—Tony Bertolino, Marketing

Perugina Chocolate Factory

“The Italian people thrive off of fulfilling customers’ needs and delivering the best. I was impressed with the Perugina Chocolate Factory and the consistency of its products. It made me realize that profit is important but delivering an exceptional product is vital.”
—Matt Dale, Premanagement

Sunny Streets

“On the way to PwC we got very toasty. We were all in our business suits and had to walk in the heat through the business district of Rome. We were sweaty by the time we got to the building. We went up to one of the top levels and got a beautiful view of the whole city. Then they gave us cold water before we had a presentation from two of PwC’s consultants.”
—Tony Bertolino, Marketing

PwC Rome

“The representatives walked us through real projects they had worked on for PwC, one of which was a consulting job where they helped the city of Rome save $400 million in one year.”
—Tom Christensen, Information Systems

Gelato, Gelato, Gelato

“Nothing was more beautiful or captivating in Italy than the country’s delicious gelato. We had at least four servings a day. I regret nothing.”
—Sierra Baker, Public Relations

Itinerary Highlights

The Vatican • Sistine Chapel • Venice • Assisi • PwC Rome • St. Peter's Basilica • Pantheon • Colosseum • Perugina Chocolate Factory

Ruins in Athens

Days 16-20 Athens

Sparkling Mediterranean beaches marked a nice change of pace. “We had sun and warmth and music and good food,” says Carolee Corbett, assistant program director. “Gelato morning, noon, and night. And gyros.” Students connected the dots along a global supply chain with a visit to a port in Athens and saw firsthand the signs of a struggling economy. Katelyn Strobel, an economics student, recalls chatting with a restaurant owner about the situation: “She smiled and said, ‘It is bad, but we in Greece are not bad. I just keep working.’”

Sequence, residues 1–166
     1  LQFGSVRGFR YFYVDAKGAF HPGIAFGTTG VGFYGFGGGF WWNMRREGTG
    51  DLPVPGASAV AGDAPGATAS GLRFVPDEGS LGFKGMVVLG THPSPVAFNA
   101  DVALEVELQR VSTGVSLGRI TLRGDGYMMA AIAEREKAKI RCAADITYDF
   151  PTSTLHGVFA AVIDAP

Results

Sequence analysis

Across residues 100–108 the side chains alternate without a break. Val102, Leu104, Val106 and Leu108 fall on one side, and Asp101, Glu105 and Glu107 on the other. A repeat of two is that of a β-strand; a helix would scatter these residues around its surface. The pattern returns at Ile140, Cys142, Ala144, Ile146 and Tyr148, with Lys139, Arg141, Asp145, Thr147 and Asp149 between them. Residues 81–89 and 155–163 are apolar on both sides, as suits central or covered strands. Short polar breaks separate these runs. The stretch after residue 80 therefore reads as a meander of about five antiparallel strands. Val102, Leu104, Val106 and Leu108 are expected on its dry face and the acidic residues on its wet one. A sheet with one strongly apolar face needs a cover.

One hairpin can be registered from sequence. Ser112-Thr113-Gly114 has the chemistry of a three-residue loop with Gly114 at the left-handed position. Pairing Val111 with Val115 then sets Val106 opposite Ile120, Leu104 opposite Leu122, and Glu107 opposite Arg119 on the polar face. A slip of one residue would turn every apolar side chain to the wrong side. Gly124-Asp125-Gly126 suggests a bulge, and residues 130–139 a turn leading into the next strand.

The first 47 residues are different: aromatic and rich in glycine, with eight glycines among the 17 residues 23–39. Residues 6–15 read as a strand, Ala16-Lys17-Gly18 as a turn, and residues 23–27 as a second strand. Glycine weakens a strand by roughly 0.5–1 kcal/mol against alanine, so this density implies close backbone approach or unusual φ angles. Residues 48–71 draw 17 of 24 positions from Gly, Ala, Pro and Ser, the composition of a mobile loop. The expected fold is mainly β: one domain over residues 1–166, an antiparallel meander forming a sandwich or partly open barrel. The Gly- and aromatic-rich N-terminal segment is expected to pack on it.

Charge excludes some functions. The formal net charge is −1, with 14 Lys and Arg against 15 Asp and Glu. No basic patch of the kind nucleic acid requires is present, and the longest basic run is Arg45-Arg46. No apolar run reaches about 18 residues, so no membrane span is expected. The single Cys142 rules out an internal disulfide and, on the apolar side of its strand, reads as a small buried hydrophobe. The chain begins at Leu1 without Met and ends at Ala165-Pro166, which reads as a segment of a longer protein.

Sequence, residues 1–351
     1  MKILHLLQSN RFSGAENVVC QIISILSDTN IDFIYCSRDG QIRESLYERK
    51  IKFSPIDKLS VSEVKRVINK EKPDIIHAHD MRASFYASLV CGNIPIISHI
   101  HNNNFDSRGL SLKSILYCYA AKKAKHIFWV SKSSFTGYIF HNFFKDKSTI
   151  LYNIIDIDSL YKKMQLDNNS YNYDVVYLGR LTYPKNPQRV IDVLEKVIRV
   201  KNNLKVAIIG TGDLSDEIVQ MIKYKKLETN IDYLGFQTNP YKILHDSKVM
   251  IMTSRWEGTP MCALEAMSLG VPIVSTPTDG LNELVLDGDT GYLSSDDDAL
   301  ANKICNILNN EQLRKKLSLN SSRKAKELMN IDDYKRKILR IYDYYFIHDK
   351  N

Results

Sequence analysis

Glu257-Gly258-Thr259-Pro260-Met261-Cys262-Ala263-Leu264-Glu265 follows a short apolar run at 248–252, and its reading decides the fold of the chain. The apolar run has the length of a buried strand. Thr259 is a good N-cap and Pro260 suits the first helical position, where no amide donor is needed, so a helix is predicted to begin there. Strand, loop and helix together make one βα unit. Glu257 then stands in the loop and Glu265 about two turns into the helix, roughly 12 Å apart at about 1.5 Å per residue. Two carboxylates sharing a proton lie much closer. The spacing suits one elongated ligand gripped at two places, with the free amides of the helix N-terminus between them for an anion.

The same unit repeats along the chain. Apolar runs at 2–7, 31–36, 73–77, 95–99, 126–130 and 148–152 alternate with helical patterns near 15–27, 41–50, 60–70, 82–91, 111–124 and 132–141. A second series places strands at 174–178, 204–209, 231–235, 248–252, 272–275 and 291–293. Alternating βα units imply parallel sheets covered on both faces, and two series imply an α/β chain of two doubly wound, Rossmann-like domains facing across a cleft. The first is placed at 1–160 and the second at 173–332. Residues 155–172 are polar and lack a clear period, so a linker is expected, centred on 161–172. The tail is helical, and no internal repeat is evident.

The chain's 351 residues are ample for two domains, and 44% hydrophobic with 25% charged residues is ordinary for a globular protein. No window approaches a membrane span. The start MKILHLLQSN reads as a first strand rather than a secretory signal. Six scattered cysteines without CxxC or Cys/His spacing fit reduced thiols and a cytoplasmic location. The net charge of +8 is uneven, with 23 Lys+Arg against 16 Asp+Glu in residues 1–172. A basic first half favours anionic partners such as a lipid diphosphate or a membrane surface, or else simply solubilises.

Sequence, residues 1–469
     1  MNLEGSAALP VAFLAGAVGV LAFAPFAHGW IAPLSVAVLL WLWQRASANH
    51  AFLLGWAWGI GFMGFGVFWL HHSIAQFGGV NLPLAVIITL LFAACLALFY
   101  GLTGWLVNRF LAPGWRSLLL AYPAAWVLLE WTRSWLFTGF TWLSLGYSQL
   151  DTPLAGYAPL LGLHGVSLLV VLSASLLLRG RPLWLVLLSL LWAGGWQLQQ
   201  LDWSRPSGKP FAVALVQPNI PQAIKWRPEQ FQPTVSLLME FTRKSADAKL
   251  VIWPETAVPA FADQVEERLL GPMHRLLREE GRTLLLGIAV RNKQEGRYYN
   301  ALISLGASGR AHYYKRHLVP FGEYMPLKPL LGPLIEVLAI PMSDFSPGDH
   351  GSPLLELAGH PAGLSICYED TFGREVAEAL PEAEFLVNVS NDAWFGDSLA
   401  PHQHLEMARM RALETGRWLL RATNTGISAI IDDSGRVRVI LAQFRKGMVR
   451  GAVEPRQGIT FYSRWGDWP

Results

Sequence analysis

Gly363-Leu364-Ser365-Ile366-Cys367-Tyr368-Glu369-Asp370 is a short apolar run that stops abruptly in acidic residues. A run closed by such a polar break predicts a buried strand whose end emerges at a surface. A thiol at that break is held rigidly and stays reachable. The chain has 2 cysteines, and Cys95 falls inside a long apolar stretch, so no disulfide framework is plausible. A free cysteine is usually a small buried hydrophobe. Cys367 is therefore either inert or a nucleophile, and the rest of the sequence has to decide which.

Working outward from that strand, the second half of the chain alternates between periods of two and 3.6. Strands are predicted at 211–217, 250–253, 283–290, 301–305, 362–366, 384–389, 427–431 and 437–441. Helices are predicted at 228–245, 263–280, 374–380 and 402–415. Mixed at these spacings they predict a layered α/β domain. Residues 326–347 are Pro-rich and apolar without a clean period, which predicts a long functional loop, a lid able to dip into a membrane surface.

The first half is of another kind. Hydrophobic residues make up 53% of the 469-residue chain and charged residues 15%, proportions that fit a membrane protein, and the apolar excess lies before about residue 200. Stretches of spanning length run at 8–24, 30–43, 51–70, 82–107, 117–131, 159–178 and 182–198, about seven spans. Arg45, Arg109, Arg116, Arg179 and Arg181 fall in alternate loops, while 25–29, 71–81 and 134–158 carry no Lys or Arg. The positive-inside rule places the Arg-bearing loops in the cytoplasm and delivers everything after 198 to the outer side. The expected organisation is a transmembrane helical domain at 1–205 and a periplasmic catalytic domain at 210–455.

Party All Night

“At night you could hear everyone on the streets because Greek people tend to stay up late; it’s common for them to be out until midnight or later, chatting or having a nice dinner. They also had mandolins playing late into the night.”
—Becca Broderick, Accounting

Ancient Architecture

“Visiting the Parthenon may have been my favorite visit of the entire trip. Learning about how architecturally advanced the building was blew my mind. It was erected two thousand years ago, and we are still trying to understand how the Greeks built it.”
—Eric Banks, Finance

Paul’s Footsteps

“I hiked up to Mars Hill and watched the sunrise while reading scriptures. It was so cool to read about Paul while sitting right where he had once been. I will remember it as one of the best mornings of my entire life.”
—Sierra Baker, Public Relations

Piraeus Port Authority

“It was fantastic to see the shipping yards and learn about the port’s role in many international supply chains. Even more amazing was seeing the incredible computer programming they implemented in order to make everything run smoothly. Good business really does need good computer systems.”
—Alec Taylor, Premanagement

Curiosity Piqued

“There is so much detail that goes into working at a port because they are in charge of products that go all over the world. This was a business that I had no interest in at first, but by the end I was dying to know more.”
—Kim Haymond, Global Supply Chain

Changing Market

“With so many businesses going under in Greece, it is the core businesses like shipping and ports, which have been around since the beginning of time, that are still around.”